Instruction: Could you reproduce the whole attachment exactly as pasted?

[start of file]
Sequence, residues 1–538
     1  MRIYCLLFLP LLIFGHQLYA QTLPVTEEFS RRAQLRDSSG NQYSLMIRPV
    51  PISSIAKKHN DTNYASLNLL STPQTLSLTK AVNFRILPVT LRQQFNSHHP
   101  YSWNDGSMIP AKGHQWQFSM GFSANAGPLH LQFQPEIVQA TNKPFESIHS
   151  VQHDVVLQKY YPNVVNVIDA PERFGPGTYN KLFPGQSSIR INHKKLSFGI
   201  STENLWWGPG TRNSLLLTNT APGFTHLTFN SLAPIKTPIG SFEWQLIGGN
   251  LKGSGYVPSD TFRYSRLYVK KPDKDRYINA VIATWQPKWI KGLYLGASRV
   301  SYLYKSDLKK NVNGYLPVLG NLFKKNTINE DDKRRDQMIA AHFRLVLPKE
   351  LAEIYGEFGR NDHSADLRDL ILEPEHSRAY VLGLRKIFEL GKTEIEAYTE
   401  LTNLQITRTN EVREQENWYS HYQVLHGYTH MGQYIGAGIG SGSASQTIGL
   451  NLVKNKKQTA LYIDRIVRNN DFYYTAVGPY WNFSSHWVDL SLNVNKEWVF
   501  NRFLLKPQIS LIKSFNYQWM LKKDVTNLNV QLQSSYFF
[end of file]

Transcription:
Sequence, residues 1–538
     1  MRIYCLLFLP LLIFGHQLYA QTLPVTEEFS RRAQLRDSSG NQYSLMIRPV
    51  PISSIAKKHN DTNYASLNLL STPQTLSLTK AVNFRILPVT LRQQFNSHHP
   101  YSWNDGSMIP AKGHQWQFSM GFSANAGPLH LQFQPEIVQA TNKPFESIHS
   151  VQHDVVLQKY YPNVVNVIDA PERFGPGTYN KLFPGQSSIR INHKKLSFGI
   201  STENLWWGPG TRNSLLLTNT APGFTHLTFN SLAPIKTPIG SFEWQLIGGN
   251  LKGSGYVPSD TFRYSRLYVK KPDKDRYINA VIATWQPKWI KGLYLGASRV
   301  SYLYKSDLKK NVNGYLPVLG NLFKKNTINE DDKRRDQMIA AHFRLVLPKE
   351  LAEIYGEFGR NDHSADLRDL ILEPEHSRAY VLGLRKIFEL GKTEIEAYTE
   401  LTNLQITRTN EVREQENWYS HYQVLHGYTH MGQYIGAGIG SGSASQTIGL
   451  NLVKNKKQTA LYIDRIVRNN DFYYTAVGPY WNFSSHWVDL SLNVNKEWVF
   501  NRFLLKPQIS LIKSFNYQWM LKKDVTNLNV QLQSSYFF